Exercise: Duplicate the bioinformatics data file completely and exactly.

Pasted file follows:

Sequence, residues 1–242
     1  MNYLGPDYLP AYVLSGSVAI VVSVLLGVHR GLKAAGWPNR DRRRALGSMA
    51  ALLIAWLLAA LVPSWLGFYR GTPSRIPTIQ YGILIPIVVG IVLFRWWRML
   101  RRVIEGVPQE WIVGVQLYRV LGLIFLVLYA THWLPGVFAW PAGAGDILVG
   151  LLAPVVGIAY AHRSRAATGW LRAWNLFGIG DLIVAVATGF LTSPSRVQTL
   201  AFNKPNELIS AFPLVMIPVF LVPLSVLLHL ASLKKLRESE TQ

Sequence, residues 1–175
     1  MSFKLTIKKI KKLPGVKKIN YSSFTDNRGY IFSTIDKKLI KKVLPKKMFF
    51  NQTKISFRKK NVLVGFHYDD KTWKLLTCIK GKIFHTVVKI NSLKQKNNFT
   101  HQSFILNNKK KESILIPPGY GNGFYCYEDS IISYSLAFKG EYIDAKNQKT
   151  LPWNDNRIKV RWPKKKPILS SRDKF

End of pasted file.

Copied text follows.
Sequence, residues 1–242
     1  MNYLGPDYLP AYVLSGSVAI VVSVLLGVHR GLKAAGWPNR DRRRALGSMA
    51  ALLIAWLLAA LVPSWLGFYR GTPSRIPTIQ YGILIPIVVG IVLFRWWRML
   101  RRVIEGVPQE WIVGVQLYRV LGLIFLVLYA THWLPGVFAW PAGAGDILVG
   151  LLAPVVGIAY AHRSRAATGW LRAWNLFGIG DLIVAVATGF LTSPSRVQTL
   201  AFNKPNELIS AFPLVMIPVF LVPLSVLLHL ASLKKLRESE TQ

Sequence, residues 1–175
     1  MSFKLTIKKI KKLPGVKKIN YSSFTDNRGY IFSTIDKKLI KKVLPKKMFF
    51  NQTKISFRKK NVLVGFHYDD KTWKLLTCIK GKIFHTVVKI NSLKQKNNFT
   101  HQSFILNNKK KESILIPPGY GNGFYCYEDS IISYSLAFKG EYIDAKNQKT
   151  LPWNDNRIKV RWPKKKPILS SRDKF